As of now it has been snowing for the last three days and has been scheduled to snow for the next five. I have been in some less-than-satisfactory weather in my life – that Thanksgiving in Mammoth when the entire mountain closed down, or the freezing rain of Boston – and a day here doesn't compare to those times. But never in those places has the sun failed to shine for so many days. I feel like I am in Seattle.
On the brighter side, some fellow international students and I took a trip to Stockholm from Uppsala (about a 40-minute train ride) yesterday. We left at nine in the morning, which may seem early to you, but as I have had trouble sleeping lately, I had been up for four hours already. More on that later.
We arrived at about 10:30 and walked to the royal palace. Now in London, the palace guards are famous for their nifty red suits and their lack of movement. King Gustav's guards here are equipped with the very latest in military apparel and a shiny M-16 with a shiny bayonet – rather more intimidating. They also move, and therefore, look alive. We stuck around until 12:00 to watch the changing of the guard, which seemed to take hours given the freezing rain we were subjected to. It was a rather comical ceremony. Each time we figured it was coming to an end, a Swedish general would begin speaking into a microphone (which he held too far from his mouth so we could not hear him), alternating in English and Swedish. The highlight of the ceremony was the palace's drummers, which were extremely talented (tossing their sticks as they played and whatnot).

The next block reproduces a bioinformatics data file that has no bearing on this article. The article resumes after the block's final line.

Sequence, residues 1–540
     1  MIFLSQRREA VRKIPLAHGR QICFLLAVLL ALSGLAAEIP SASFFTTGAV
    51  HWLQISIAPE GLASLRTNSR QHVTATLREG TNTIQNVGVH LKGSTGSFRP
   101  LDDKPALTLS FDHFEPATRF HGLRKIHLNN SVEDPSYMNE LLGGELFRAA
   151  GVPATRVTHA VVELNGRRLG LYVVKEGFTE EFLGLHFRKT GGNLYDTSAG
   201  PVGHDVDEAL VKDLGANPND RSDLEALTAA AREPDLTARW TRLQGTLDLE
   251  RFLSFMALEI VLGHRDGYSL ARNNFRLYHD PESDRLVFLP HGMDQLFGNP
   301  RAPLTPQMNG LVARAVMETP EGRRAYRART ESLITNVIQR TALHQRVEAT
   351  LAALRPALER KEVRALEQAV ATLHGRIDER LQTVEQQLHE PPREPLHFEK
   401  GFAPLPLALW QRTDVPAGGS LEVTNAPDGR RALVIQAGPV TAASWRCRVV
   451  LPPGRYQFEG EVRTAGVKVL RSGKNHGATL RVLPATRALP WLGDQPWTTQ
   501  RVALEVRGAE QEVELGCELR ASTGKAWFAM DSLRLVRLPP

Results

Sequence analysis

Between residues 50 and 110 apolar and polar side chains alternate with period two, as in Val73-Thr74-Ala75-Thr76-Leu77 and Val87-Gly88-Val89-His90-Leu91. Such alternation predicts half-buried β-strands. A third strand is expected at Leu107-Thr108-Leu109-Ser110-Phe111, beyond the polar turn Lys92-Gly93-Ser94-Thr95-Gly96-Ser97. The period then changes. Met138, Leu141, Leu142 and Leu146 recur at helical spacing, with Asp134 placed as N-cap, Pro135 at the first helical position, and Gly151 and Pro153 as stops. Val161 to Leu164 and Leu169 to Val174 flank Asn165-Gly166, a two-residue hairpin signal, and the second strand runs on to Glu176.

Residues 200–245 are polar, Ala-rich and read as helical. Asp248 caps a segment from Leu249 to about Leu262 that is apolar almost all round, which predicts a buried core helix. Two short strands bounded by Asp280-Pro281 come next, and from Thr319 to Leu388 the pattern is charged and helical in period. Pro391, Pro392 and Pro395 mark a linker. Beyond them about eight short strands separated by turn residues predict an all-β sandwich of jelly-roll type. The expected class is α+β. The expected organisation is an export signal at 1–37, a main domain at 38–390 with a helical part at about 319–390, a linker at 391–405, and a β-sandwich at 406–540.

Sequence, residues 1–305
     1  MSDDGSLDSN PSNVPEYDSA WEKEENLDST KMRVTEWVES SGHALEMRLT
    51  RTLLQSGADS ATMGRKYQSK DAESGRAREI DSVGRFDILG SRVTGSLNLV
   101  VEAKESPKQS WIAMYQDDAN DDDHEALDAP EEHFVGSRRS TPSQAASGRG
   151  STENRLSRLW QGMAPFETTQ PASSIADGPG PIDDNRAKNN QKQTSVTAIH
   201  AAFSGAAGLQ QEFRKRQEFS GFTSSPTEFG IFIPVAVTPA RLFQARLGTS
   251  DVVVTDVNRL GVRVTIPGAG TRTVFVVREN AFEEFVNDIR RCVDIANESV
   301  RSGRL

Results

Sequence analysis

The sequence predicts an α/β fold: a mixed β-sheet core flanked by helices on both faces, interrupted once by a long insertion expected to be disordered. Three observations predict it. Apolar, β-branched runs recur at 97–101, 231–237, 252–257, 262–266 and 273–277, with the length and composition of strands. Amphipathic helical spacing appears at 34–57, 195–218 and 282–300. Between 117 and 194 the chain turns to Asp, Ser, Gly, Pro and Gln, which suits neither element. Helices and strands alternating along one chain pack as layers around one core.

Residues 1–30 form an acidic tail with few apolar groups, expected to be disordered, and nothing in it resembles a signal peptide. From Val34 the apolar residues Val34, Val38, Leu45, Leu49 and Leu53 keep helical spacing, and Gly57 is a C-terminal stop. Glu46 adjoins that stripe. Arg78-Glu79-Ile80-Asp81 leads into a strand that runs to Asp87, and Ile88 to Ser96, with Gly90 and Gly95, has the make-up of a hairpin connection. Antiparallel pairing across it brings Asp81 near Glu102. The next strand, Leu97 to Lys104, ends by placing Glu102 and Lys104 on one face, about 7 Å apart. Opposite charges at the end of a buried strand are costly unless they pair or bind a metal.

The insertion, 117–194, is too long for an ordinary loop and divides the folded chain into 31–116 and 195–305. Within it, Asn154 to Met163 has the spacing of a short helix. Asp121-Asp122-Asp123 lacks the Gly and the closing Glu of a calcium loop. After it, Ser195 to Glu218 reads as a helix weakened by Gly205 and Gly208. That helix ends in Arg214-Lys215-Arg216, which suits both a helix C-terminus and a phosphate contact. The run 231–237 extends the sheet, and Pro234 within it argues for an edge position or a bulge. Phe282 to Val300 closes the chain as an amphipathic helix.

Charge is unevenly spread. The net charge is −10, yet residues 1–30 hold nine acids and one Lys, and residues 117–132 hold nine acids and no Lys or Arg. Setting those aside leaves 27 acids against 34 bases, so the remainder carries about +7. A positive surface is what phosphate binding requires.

We then decided to find food, strangely deciding to give Sweden's tacos a try. If I'm being honest with you, it was comparable to Taco Bell and did not sit well. This was only a day after I had eaten curry and felt sick – a rather stereotypical Indian food experience I had not yet recovered from.
After warming up inside the restaurant we headed to the Moderna Museet, or Modern Art Museum. Oddly, given what I would politely call an apathy for artwork, I actually enjoyed the museum, which featured works by my countrymen Jackson Pollock and Andy Warhol. Although it was interesting, I felt we spent too long in the museum (but friends make sacrifices, right?).
We left the musuem in search of, obviously, a pub. We found one near Stockholm Central Station but were astounded to find that one pint cost 66: SEK or $8 USD. Some of us abandoned the plan to purchase a fizzy and headed to the nearby Max instead. Sweden's energy-conscious version of McDonald's tastes about the same, but the service is much friendlier! If there is one thing I have noticed about the Swedish so far, it is that they are very friendly people. I just have to be the one to make contact, as they are also very shy.
After a long day, I returned to my room and finally got my first good night of sleep in Sweden.